The alien invasion has been going on for six years. Long enough that there are “infected zones” all over the world. The northern part of Mexico is about to be declared infected. Andrew (Scoot McNairy) agrees to take Samantha (Whitney Able) through the zone to get her to the US border where there’s a giant wall being built to keep the aliens out. (Yep. There’s some commentary going on here.) She’s engaged and he’s a confirmed bachelor, but…well…ya know. High stress situations and all that.

Monsters was made on a super low budget using prosumer equipment and shot almost completely on the fly. The actors were given basic descriptions of scenes and improvised the rest. Most of the time, the crew didn’t have permission to shoot and the “extras” were people who just happened to be around the area. Edwards did all of the special effects himself on his laptop.

So that’s part of why I have so much respect for this movie. Another reason is that it went against everyone’s expectations. You see a movie called “Monsters” and you think that there are going to be monster fights and stuff. What this movie ended up being was a drama about two people getting to know each other in a very believable way. They’re scared for their lives while roaming through an area with giant creatures from another planet taking up residence there. They also take the time to get to know the people who live in Mexico…and even learn a little about the aliens themselves. (Yep. MORE commentary!)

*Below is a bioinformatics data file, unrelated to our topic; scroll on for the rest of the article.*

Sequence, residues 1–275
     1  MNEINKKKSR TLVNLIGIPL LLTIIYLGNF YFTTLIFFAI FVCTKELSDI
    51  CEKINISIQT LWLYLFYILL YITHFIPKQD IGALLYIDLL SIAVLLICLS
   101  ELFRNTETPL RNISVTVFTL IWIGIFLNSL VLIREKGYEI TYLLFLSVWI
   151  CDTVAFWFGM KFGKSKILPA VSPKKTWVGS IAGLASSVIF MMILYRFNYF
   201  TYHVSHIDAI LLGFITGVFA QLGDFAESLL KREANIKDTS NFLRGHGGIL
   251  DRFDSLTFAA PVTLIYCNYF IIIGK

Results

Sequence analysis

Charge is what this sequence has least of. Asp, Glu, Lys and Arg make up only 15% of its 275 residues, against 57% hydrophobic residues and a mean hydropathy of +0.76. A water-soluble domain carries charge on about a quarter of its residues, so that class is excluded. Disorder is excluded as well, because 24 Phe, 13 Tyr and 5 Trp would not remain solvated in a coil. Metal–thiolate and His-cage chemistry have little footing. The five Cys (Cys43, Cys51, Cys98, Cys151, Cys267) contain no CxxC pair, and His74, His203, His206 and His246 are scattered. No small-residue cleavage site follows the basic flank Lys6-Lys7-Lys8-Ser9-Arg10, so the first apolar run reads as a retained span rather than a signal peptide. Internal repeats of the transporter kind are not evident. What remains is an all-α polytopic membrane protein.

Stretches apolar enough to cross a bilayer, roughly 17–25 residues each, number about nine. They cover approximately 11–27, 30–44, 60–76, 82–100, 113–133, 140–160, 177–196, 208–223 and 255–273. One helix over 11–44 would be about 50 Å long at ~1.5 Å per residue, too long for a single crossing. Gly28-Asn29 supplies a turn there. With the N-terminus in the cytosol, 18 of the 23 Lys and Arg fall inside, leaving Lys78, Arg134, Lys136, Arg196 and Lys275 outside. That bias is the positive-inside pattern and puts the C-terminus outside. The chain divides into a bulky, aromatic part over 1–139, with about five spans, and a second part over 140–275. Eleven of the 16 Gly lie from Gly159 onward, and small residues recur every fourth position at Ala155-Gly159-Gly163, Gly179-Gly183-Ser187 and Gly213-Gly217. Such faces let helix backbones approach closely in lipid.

Gareth Edwards is a big reason why was excited to see the new Godzilla movie. Sadly, the new film doesn’t live up to this one.

It’s not a complete travesty, but it’s not as good.

If you’ll note, I didn’t put Pacific Rim in here. It absolutely is one of my favorite monster movies of all time. But, even though it didn’t make nearly enough money at the box office to become Guillermo del Toro’s Star Wars (as he said he wanted it to be), I feel like enough people know about it to warrant leaving it out of this double feature.

I really wanted to feature a couple of movies that people might have forgotten about or maybe didn’t even know about.

But still…see Pacific Rim. Definitely.

Click to comment

Leave a Reply

Your email address will not be published. Required fields are marked *

This site uses Akismet to reduce spam. Learn how your comment data is processed.

You May Also Like


Justice League Dark: Apokolips War serves as the final film of the DC Animated Universe, which began with Flashpoint Paradox (2013). The movie opens with...


Director Alexandre Aja made an international splash in 2003 with his debut feature, Haute Tension (known as High Tension in the U.S.). In 2004,...


Producer Sam Raimi (Evil Dead) and director Alexandre Aja (The Hills Have Eyes) deliver “a suspenseful thrill ride” (Jim Vejvoda, IGN) in CRAWL, coming...


In 1954, an enormous beast clawed its way out of the sea, destroying everything in its path—and changing movies forever. The arresting original Godzilla...